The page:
• Intrix traffic information is available in 100 markets covering 15,000 miles of roadway.
  • Information can be tailored to specific needs (e.g., school districts for bus routing).

Dr. Granger Morgan (Professor and Head of Department of Engineering and Public Safety, Carnegie Mellon University [CMU])

  • Chair of Department of Engineering and Public Policy, Carnegie Mellon University.
  • Department's focus is on technical aspects of policy issues.
  • Range of issues includes:
    • Energy and engineering systems.
    • Risk assessment.
    • Risk analysis and management for safety and environmental issues.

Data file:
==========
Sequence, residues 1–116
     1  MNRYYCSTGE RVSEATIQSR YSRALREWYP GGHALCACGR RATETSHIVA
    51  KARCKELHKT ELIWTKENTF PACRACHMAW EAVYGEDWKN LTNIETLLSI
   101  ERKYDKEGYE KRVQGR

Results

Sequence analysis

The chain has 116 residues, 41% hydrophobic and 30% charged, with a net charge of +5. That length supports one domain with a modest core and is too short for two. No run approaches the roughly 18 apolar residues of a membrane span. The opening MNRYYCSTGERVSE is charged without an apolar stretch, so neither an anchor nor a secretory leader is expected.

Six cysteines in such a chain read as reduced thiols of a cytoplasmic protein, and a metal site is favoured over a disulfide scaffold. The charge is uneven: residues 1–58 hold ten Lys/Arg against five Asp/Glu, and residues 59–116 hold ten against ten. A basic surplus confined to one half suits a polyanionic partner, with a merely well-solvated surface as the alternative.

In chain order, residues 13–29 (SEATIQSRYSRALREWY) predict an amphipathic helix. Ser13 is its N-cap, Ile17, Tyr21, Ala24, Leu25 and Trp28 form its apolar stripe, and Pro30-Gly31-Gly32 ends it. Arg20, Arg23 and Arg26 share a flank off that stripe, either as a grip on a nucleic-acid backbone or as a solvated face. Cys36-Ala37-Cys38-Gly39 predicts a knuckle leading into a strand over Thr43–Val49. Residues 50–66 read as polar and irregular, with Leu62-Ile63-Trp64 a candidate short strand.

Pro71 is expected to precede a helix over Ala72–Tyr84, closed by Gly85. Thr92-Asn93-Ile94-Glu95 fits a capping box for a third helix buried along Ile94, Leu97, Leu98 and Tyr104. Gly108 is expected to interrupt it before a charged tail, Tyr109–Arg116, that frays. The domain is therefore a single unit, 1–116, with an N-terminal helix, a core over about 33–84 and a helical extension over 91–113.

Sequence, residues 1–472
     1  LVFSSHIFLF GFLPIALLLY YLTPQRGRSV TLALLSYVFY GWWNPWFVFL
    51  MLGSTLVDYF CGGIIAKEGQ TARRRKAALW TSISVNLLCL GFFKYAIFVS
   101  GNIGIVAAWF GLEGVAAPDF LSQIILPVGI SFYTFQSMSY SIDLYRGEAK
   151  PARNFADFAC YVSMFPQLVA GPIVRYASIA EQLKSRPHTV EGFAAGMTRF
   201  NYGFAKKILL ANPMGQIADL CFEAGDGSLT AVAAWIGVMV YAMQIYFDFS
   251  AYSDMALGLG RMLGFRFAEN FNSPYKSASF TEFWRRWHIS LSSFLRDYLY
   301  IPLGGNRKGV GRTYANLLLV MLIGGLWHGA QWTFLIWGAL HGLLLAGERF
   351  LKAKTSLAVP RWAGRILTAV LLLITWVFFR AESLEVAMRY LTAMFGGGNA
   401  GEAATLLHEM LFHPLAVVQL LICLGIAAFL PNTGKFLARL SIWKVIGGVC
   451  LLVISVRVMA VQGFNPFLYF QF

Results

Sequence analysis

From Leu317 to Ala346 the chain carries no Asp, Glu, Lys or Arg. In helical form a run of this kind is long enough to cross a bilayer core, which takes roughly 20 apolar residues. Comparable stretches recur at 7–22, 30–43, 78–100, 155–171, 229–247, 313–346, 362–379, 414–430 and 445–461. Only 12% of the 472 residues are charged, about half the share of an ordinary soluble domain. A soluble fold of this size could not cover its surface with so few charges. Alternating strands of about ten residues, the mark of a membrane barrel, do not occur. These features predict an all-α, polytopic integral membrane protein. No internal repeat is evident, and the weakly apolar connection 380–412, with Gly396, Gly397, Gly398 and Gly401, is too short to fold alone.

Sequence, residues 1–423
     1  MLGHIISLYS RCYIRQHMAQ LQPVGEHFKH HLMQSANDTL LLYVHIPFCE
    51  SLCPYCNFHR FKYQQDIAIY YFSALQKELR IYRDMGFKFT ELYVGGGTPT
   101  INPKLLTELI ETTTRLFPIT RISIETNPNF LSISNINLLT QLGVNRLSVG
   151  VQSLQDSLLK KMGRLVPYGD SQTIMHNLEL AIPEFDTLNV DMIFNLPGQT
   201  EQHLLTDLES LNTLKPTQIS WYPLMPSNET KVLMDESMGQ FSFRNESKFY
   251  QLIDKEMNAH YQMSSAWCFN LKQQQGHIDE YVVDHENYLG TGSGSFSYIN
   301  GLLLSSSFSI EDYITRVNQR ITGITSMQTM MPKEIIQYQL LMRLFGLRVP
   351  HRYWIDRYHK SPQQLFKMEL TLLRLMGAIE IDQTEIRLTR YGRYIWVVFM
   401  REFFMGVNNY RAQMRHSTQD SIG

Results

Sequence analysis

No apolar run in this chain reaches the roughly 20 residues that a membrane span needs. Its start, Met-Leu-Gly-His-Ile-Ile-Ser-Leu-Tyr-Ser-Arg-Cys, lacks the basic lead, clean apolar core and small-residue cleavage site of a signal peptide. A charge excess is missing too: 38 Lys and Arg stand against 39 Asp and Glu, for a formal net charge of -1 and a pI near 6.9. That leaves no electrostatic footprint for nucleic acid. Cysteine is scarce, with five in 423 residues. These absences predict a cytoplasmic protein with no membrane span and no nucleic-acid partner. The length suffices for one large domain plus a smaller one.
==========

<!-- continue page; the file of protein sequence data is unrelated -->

• Information and communications technology policy.
    • Management of technical information.
  • Is affiliated with autonomous vehicle laboratory supported by General Motors.
  • Works on electric hybrid vehicles.

Michael Replogle (Transportation Director, Environmental Defense)

  • Transportation Director, Environmental Defense.
    • Non-profit, non-governmental research and advocacy organization.
    • Works with public and private agencies/organizations to address environmental issues.
  • Interested in ITS technologies capable of improving mobility and reducing toxic emissions.
  • Interested in combining road pricing strategies with congestion reduction to reduce greenhouse emissions.

Tomiji Sugimoto (Vice President, Honda Research and Development Americas, Inc.)

  • Vice President, Automotive Technology Research Division, Honda Research and Development Americas, Inc.
  • Extensive background in development of safety technology (e.g., airbags).